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  • 04 June 2021
  • 11 min read

Tips For School Leavers Who Are Considering A Nursing Degree

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    • Aubrey Hollebon
    • Laura Bosworth
    • Richard Gill
    • Mat Martin
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Play video: "I think the most talked about thing and the thing that people ask me the most about is experience."

Student Nurse, Alexandria, gives her lived advice of entering into Nursing straight out of school, with hints on what to expect, and how to prepare for your journey into the world of healthcare.

Topics covered in this article


Get Some Experience

Plan Ahead

Don’t Leave Your Application Until Last Minute

Don’t Let Anyone Convince You University is Easy

Ask Plenty Of Questions

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Hi guys. For those who have never seen my face before, my name is Alexandria Grace or Alex as most people like to call me.

I am a second year Student Nurse at King's College London and I'm studying Children's Nursing.

Today's video is gonna be, as the title explains, about tips for school leavers who are considering a Nursing degree.

I get a lot of people messaging me, asking me about things they can do alongside revising for their A Levels to help with their application or people asking me about experience they should have, and people worrying like, oh, I don't have any experience.

I'm still in school, I'm going straight from school, how will I stand out from maybe people who have been working in healthcare for years and years?

So I just thought I'd make a video about it just to make things clearer, to help people and hopefully just give some useful advice.

Get Some Experience

So I think the most talked about thing and the thing that people ask me the most about is experience.

And I would definitely recommend getting some if you are a school leaver.

I went straight from school into Nursing school.

I did my A Levels. I had the summer holidays off my exams and then in September I started Nursing and I do not regret the decision at all, I think it was the best timing for me.

I wanted to get it out of the way as well.

And I just wanted to start my career as early as possible, and I've always wanted to go to uni.

So it was a no brainer for me, but everybody's different.

Experience-wise, I think is very important to have some experience because it's something else that you can talk about in your interview.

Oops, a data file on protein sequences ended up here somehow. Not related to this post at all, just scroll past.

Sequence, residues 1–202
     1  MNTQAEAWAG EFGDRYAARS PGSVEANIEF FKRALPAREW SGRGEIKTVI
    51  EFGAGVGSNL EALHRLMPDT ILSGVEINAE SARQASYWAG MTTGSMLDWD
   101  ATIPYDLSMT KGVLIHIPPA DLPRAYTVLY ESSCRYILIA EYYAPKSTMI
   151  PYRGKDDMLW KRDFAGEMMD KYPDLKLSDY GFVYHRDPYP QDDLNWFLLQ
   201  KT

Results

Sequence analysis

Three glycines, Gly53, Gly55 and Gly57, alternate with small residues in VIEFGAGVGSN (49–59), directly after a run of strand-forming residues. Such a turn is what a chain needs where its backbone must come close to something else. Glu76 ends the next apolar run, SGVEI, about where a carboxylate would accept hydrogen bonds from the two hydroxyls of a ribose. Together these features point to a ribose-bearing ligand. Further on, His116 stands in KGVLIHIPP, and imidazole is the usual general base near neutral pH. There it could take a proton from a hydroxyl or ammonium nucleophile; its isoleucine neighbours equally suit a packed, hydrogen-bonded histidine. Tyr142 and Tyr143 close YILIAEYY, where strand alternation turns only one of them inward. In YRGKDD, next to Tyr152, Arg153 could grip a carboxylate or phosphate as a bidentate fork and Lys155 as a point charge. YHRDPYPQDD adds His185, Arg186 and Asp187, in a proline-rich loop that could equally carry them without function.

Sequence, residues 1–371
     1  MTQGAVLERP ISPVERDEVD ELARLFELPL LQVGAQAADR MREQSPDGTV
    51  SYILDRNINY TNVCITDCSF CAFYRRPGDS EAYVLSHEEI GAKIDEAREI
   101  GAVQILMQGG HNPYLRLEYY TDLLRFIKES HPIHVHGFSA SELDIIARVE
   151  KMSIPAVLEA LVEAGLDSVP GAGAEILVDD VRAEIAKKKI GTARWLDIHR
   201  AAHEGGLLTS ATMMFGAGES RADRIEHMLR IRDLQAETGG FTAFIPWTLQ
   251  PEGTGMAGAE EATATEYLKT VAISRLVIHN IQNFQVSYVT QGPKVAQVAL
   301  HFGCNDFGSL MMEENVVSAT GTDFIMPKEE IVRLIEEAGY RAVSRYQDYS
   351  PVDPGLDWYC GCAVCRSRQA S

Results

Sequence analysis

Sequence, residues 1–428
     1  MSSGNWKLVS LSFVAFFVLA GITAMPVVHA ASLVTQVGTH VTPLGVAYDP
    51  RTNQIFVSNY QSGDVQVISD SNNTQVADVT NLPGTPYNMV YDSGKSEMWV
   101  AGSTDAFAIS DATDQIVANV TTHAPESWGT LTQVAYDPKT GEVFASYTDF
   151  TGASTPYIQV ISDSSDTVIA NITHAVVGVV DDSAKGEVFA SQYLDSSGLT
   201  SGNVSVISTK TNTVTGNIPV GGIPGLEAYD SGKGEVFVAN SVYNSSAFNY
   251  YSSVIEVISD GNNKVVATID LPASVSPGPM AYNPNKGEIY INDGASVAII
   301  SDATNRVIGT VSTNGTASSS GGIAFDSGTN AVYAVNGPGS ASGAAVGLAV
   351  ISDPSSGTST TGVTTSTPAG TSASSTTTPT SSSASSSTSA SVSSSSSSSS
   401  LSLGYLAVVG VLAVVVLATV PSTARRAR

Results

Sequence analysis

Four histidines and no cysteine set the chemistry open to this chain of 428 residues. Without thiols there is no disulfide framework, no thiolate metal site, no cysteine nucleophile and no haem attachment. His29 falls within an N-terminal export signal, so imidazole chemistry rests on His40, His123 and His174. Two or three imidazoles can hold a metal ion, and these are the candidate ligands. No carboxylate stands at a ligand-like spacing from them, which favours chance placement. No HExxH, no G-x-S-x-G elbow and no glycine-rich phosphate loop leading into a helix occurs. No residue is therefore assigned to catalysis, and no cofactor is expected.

So for me, I was very lucky to be able to get some experience in neonatology, which was really, really interesting.

It's something I'm interested in, so that made it even more enjoyable so I was able to talk about quite a lot in my interviews.

And luckily, one of the people who was interviewing me was a neonatal Nurse.

So I think that helped me a lot in one of my interviews, but I didn't even end up going to that uni anyway, that's besides the point.

Getting experience is definitely harder now because of COVID and they're not just gonna let any random students come and work on a ward, for example, it's all very restricted now.

And I understand that 'cause a lot of people have been panicking thinking, oh my gosh, how am I gonna get work experience in a pandemic?

But just what you have to do is just ask around.

If you have any connections, ask people if there's any shadowing opportunities, anything that you can do, it doesn't even necessarily have to be in a hospital.

Just having any experience of caring for someone even if that's babysitting your little brother, babysitting your nephew or looking after a relative, or if you had an ill relative.

Any experience related to healthcare, looking after people, having the qualities of a Nurse, being compassionate, anything like that.

There's no specific criteria when you apply for Nursing that tells you you have to have experience in a hospital, you don't.

As long as you have some experiences in your life that can boost your application, just to really show that you are interested, then that is something I would definitely recommend doing.

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Plan Ahead